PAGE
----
Concerns for Human Rights Violations in the Philippines
Our Three Denominations Sign Letter to Federal Government
On July 13, 2021, a coalition of concerned Canadian churches and organizations (including our three denominations) wrote Foreign Affairs minister the Hon. Marc Garneau about the escalating violence and human rights violations in the Philippines and the seeming lack of response by the Canadian government.
The following letter was delivered by e-mail on July 13, 2021.
The Honourable Marc Garneau
Minister of Foreign Affairs
House of Commons
Ottawa, ON K1A 0A2
We are a coalition of churches and organizations concerned about the escalating violence in the Philippines and the seeming lack of Canadian government response. The massacre of three Lumad (Indigenous) youth, including a 12-year-old child, on June 15, 2021, in the town of Lianga is emblematic of the rising human rights crisis.
We call on the Canadian government to end all support and cooperation with the Philippine military and police. This includes withdrawal and end of financial assistance for anti-terrorism and training provided directly to the Philippine government or through other entities such as the ASEAN, Interpol, and the United Nations Office on Drugs and Crimes (UNODC).
This is a clear recommendation from the second report of INVESTIGATE PH released and submitted to the High Commissioner’s Office on Human Rights (OHCHR) on July 6, 2021. This report documents how the government’s anti-terrorism operations are increasingly targeting unarmed Indigenous people who are resisting the encroachment on their lands by resource companies.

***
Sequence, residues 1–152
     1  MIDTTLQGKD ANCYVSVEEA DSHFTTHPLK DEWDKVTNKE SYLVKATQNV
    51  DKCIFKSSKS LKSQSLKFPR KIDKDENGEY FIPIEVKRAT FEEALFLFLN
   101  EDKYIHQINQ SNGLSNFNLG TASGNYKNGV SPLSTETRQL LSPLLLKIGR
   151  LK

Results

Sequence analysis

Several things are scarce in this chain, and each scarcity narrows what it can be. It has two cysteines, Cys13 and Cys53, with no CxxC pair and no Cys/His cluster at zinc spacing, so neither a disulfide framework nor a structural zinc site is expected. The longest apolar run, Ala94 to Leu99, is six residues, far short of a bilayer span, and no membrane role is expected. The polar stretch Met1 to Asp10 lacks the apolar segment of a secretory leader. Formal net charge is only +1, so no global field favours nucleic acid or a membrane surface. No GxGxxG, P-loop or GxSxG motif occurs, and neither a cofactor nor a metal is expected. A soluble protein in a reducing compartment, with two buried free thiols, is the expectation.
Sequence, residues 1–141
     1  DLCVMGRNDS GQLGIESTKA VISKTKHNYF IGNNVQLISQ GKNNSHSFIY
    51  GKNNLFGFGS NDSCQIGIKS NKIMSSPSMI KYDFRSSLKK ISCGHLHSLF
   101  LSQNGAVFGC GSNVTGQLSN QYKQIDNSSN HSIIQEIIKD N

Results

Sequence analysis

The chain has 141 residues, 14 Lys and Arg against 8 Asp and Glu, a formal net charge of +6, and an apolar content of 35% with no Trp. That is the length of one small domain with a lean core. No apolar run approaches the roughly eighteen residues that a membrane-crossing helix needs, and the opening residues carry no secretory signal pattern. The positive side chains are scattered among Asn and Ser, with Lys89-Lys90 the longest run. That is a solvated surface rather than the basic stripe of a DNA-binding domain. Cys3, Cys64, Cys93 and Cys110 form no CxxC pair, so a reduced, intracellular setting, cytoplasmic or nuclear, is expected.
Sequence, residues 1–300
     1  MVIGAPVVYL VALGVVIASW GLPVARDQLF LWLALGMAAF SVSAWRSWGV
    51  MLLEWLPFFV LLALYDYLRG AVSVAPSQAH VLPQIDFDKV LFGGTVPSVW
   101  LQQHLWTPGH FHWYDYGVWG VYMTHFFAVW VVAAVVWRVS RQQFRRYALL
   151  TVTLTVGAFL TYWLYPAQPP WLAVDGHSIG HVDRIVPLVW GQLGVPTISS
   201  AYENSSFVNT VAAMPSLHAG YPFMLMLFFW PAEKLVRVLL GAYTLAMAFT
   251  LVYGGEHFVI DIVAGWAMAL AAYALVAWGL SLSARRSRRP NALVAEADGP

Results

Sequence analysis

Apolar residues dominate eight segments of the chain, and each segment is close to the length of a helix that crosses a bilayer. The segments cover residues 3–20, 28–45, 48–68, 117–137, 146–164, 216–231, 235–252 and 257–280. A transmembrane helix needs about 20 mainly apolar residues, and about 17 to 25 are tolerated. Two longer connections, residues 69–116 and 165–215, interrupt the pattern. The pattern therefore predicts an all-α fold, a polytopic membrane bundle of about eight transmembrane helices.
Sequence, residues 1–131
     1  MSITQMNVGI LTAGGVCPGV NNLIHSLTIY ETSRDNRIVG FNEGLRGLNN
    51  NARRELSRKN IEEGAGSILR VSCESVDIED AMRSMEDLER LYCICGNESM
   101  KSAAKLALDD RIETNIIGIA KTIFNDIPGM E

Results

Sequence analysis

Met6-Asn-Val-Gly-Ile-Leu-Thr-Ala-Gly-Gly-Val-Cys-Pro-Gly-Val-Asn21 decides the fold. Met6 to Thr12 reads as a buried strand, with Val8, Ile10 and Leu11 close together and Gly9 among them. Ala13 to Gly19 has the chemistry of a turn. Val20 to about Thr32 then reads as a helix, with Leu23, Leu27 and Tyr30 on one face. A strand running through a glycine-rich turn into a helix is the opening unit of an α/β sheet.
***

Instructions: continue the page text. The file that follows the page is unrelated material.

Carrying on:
INVESTIGATE PH is a project launched by peoples from all over the world, including Canadian churches, trade unions, and human rights organizations, after the 45th Session of the United Nations Human Rights Council (UN HRC) in 2020 failed to establish an independent, international mechanism to investigate the state of human rights in the Philippines. They believe that the human rights technical assistance and capacity building prescribed by the UN HRC to the Philippine government is inadequate to address the worsening human rights crisis. INVESTIGATE PH will submit its final report and findings to the Office of the High Commissioner on Human Rights prior to the 48th UN HRC session in September 2021.
According to reports from the human rights group Karapatan, the victims of the June 15 massacre, Willy Rodriguez, Lenie Rivas, and 12-year-old Angel Rivas, asked permission from soldiers illegally occupying their villages to go to their farm. Despite this, Angel (12) and Lenie (21) were assaulted, raped, and shot dead by the 3rd Special Forces Battalion of the Philippine Army. Their bodies were brought to the army headquarters in St. Christine, Surigao del Sur, and were tagged as New People’s Army members. They are the latest victims of the state’s red-tagging campaign against the Lumads in Lianga communities. Military troops massacred six farmers in 2019 and 3 community leaders in 2015, claiming they were members of the New People’s Army.